Throughout history, there has been a lot of debate around the issue of women having children or not having children. Many women nowadays are making the choice to not have children at all. Almost half (49.6 percent) of women ages 25 to 29 are not having kids.
This Christian blogger, Brit Tashjian, has written a nasty post against this valid choice women are making: “Childless-By-Choice Women Are A Big Part Of Society’s Deterioration.”
Seriously?! Not every woman has to have kids to have a fulfilled life. There are a multitude of reasons women choose never to have kids, and we are not deteriorating society.
Tashjian goes on to say that women who don’t have kids are selfish as well. She even says you have to sacrifice and have kids to be a person of worth. Having a family is not the only way to contribute to society.
But, why are we still debating this issue today in 2016? Why do people put pressure on women to have babies with comments like “you’ll change your mind” or “you’ll regret it”? Just because we own uteri doesn’t mean we have to procreate to feel complete.
Some people are still stuck in the same gender roles of woman = mother, and man = breadwinner/authority. Women get SO much pressure to have children. Societal pressure, family pressure. It can be very frustrating.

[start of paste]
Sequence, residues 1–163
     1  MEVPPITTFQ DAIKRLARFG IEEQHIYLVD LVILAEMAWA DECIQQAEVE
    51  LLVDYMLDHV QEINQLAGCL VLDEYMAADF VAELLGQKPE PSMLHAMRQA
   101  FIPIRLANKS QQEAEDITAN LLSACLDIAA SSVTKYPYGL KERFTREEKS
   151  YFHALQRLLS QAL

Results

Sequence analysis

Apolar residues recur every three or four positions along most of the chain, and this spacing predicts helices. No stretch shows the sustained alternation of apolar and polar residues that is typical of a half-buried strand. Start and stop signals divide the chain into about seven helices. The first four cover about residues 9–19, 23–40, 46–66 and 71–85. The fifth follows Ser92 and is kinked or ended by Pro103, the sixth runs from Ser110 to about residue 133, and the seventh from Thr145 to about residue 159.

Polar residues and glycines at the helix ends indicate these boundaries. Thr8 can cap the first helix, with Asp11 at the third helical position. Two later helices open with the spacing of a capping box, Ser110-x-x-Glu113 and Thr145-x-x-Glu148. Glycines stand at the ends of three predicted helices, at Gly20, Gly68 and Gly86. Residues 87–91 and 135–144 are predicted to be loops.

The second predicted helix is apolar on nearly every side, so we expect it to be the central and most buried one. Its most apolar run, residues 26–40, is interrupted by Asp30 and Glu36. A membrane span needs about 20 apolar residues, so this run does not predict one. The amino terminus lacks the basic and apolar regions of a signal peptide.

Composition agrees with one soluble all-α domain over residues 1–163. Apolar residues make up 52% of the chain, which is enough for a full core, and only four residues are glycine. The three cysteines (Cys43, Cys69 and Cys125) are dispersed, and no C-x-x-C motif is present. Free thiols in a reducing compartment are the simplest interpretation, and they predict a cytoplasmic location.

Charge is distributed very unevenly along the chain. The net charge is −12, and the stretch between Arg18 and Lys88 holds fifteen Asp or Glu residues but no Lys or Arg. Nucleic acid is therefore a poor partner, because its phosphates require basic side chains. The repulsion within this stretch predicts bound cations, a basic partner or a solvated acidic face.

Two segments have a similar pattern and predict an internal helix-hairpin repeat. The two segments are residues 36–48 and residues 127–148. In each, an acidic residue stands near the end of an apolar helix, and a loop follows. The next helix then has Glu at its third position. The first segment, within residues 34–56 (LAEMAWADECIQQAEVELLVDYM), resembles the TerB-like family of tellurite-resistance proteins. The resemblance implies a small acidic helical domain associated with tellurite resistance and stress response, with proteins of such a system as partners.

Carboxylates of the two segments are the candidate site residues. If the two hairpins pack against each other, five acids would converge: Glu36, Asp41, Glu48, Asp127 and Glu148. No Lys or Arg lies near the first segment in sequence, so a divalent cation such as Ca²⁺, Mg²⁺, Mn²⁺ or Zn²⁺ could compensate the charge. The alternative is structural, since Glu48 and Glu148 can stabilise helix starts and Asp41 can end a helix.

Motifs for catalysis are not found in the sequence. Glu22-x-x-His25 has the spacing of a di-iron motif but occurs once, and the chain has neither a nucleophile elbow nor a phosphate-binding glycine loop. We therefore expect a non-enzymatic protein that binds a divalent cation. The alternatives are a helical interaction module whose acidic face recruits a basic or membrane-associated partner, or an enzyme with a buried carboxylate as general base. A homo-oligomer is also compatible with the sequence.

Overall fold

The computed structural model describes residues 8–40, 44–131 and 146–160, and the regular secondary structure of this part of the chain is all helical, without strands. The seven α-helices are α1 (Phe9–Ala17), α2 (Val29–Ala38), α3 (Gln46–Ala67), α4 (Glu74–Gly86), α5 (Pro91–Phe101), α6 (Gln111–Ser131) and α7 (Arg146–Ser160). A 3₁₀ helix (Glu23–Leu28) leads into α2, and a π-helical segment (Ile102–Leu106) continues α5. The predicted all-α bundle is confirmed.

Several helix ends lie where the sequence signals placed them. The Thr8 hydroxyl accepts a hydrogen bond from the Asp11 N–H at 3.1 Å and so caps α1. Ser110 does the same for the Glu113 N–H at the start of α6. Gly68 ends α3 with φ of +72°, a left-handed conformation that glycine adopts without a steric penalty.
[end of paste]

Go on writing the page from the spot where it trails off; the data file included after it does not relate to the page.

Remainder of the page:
There are some mothers out there who pressure their children to have children because “they want grandchildren.” Some young girls see all of their friends getting married and having babies and think that they are supposed to do the same thing. But, you don’t have to have kids just because your friends are. It helps to find friends that are also child-free. Hanging out with friends who have kids could make you feel left out of the loop if you don’t have any.
How do we deal with this pressure? Simply stick to your guns; know yourself and know the reasons that you are not reproducing. If you don’t want to talk about your personal life, don’t! You don’t owe anyone an explanation. We can’t do everything in our lives; we have to make choices about which path we choose.
In her essay, Of Woman Born, Adrienne Rich wrote about women overcoming the “mind-body split.” Men have always controlled women by forcing them into the motherhood/stay-at-home wife role. Some women like Mrs. Tashjian are fine with having that role, but not everyone has to do that. Rich advocates equal roles in parenting.
Until recently, women were expected to be the housewives at home with the children. The women who had jobs only did things like secretarial work or teaching or nursing. We have come a long way, but women who defy these gender roles are still being ridiculed.
Here is the end to Mrs. Tashjian’s ridiculous blog post:
“But what you’re really saying is that you’re an island, the only one worth serving, that your offspring are not worth your blood, sweat and tears. Which is your call to make. Just make sure you find something that is worth it. Because blood, sweat and tears? That’s what life is all about.”
I’m glad Tashjian enjoys her children, but not all of us have to sacrifice anything to be happy. As women, we can and should be able to do anything we want to without these negative comments. We are definitely not destroying society, either.
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